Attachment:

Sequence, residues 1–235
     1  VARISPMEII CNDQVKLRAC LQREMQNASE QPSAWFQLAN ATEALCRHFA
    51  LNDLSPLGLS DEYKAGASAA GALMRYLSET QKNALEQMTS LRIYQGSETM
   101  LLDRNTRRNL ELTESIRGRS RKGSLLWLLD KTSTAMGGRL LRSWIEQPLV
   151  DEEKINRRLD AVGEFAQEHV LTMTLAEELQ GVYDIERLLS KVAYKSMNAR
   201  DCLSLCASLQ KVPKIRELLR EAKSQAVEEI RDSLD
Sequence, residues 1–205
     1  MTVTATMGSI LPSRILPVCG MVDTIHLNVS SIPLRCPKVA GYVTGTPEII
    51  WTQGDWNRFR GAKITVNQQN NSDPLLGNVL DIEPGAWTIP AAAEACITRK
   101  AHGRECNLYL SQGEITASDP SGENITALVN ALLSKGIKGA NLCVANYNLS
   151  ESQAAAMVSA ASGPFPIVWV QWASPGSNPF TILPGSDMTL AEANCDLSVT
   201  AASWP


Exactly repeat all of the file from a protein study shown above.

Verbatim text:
Sequence, residues 1–235
     1  VARISPMEII CNDQVKLRAC LQREMQNASE QPSAWFQLAN ATEALCRHFA
    51  LNDLSPLGLS DEYKAGASAA GALMRYLSET QKNALEQMTS LRIYQGSETM
   101  LLDRNTRRNL ELTESIRGRS RKGSLLWLLD KTSTAMGGRL LRSWIEQPLV
   151  DEEKINRRLD AVGEFAQEHV LTMTLAEELQ GVYDIERLLS KVAYKSMNAR
   201  DCLSLCASLQ KVPKIRELLR EAKSQAVEEI RDSLD
Sequence, residues 1–205
     1  MTVTATMGSI LPSRILPVCG MVDTIHLNVS SIPLRCPKVA GYVTGTPEII
    51  WTQGDWNRFR GAKITVNQQN NSDPLLGNVL DIEPGAWTIP AAAEACITRK
   101  AHGRECNLYL SQGEITASDP SGENITALVN ALLSKGIKGA NLCVANYNLS
   151  ESQAAAMVSA ASGPFPIVWV QWASPGSNPF TILPGSDMTL AEANCDLSVT
   201  AASWP